Lessons from a Decade of Trading the JPY

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The past decade has been a turbulent one for the Japanese Yen, or the JPY as it’s familiarly known. The Yen’s multi-year bullish trend which started in the 1990s ended and it flipped into a brutal bearish correction. Moreover, the Bank of Japan embarked on an unprecedented journey of more and more Quantitative Easing, effectively printing trillions of Yens to revive its stagnant economy. And finally, let us not forget the tsunami that hit Japan’s coastline in 2011 which tragically took a very hefty toll in human lives and which sent jitters across Yen pairs.

So, why am I dwelling on this? Because this decade of Yen turbulence has provided us with some very important trading lessons on the JPY, specifically, and on trading, in general. In this article, I will elaborate on two important lessons for both the novice and experienced traders that I’ve learned through trading which may not be immediately intuitive.

JPY Lesson on Natural Disasters

In the period that preceded the 2011 tsunami, I was expecting a major turnaround specifically in the trend of the USD/JPY, and in the Japanese Yen, generally. As I’ve often said, the longer the duration of your trade the more fundamentals will have an impact on the trend. Back in 2010-2011, I was focusing on the Japanese Yen which was in a multi-year bullish trend and so fundamentals were critical. Japan’s economy was suffering from persistent deflation and weak economic performance and that warranted a massive stimulus. Of course, any form of stimulus, either monetarily from the central bank or fiscally from the government, usually means a weaker currency. And so, that meant the end of the Yen’s strength and the start of a bullish trend in the USD/JPY (which moves in reverse). That meant that the bearish trend of 13 years would finally come to an end. Of course, that is provided stimulus would be forthcoming, which I thought was very likely.

Then, on March 11, 2011, the tsunami hit the coast of Japan. And as hysteria hit the markets, the USD/JPY plunged. Investors were crowding in to safety and speculation grew that the Yen’s long-term trend of appreciation would intensify as investors sought shelter.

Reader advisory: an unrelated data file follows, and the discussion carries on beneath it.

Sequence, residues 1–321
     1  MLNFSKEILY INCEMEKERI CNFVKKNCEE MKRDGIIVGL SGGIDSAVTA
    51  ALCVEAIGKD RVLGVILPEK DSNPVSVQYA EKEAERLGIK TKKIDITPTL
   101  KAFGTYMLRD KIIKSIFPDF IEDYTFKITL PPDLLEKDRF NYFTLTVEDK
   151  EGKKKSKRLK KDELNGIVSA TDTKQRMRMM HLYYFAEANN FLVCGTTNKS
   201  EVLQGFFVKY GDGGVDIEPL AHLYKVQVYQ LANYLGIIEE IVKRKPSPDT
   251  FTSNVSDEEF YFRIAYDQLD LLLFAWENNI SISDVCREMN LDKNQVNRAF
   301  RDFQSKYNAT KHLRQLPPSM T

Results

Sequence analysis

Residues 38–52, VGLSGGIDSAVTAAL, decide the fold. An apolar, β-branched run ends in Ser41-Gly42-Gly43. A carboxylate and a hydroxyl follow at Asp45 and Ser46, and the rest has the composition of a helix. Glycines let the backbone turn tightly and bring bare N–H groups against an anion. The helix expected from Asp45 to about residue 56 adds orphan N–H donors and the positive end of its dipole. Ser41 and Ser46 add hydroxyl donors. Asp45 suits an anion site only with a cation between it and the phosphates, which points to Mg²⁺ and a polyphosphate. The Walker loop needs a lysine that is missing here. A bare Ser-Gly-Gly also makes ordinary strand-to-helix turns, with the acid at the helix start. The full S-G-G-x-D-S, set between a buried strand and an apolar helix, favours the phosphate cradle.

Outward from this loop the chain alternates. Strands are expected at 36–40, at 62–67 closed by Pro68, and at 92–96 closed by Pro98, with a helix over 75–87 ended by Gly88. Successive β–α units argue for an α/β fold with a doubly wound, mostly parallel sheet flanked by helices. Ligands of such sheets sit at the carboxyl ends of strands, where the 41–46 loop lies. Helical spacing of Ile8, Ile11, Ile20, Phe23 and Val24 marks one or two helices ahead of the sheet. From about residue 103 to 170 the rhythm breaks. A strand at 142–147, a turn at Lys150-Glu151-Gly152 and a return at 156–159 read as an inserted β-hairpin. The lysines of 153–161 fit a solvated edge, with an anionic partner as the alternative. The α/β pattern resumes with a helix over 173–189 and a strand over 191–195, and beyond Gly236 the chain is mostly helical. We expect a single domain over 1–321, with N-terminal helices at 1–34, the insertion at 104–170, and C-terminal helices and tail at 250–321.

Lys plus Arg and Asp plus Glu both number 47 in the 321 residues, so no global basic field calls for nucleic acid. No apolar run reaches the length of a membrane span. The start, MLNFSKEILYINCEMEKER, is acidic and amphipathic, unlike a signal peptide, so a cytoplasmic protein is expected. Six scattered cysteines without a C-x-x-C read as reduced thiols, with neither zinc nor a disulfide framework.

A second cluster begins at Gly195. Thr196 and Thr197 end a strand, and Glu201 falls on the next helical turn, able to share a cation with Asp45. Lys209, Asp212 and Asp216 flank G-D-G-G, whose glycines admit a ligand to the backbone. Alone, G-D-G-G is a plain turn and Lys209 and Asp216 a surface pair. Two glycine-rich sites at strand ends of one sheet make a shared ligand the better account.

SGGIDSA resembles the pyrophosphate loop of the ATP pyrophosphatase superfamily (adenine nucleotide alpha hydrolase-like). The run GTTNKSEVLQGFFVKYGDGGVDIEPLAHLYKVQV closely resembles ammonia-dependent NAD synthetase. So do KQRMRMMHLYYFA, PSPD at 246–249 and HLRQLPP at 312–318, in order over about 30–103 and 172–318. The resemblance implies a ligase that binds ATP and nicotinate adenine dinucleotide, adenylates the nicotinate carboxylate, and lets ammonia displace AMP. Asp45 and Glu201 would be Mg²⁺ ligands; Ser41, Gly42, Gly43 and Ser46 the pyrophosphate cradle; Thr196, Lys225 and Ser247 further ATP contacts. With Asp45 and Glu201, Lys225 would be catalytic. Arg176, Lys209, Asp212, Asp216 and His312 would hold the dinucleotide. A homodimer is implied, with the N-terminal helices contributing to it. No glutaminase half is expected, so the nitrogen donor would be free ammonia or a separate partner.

The USD/JPY tested the 76 level and bounced back after a concerted effort by central banks across the world. Several months later, the pair finally bottomed out at a slightly lower level of 75. And the bullish rebound, aka weaker JPY, started in 2012.

What is the lesson? The lesson is that natural disasters in large economies, even severe ones, generally cannot change the long-term economic fundamentals and, therefore, cannot change a currency’s long-term trajectory. The JPY eventually had its trajectory to playout, i.e. the bottom, and the rebound took place only a few months later.

That means that even a disaster of this magnitude should not change your long-term strategy. Since a natural disaster can create short-term volatility it could present an opportunity to ride a long-term trend or a long-term turnaround at a more convenient entry.

JPY: Leg Down Vs Double Bottom

When we look at the USD/JPY bottoming out during 2012, we can see a rather interesting pattern. Rather than a double bottom warranted after a multi-year bearish trend (bullish JPY), what we see is a bullish wave right after the last bearish wave. The intermediate zone between is uncharacteristically short and the range uncharacteristically narrow. One common mistake is just to assume we had a swift bottoming out process, but the real answer is that that is a leg down and not a double bottom.


The key difference between a leg down and a double bottom is highly practical from a trading standpoint. On a double bottom the rebound takes much longer, with the pair fluctuating at lower levels for longer. Once the short sellers are shaken off, the rebound begins. On the other hand, in a leg down scenario the rebound is much quicker. But there is a price for that quick rebound. Because a leg down does not validate a change of trend, our prudent assumption should be that the bearish trend line should be respected and we should target Point X rather than Point M, at the peak of the last wave. Lastly, a leg down would mean another leg down is required over the long run and that means that we should be alert to a potential change over the very long run.


What is the lesson? A leg down means a quicker rebound but with a lower potential while a double bottom means a slower rebound but one that lasts much longer. And, of course, we should always be on alert for another leg down. It should be noted, however, that that might take a long while especially in the case in which Point M is broken, which would signal a much wider rebound.

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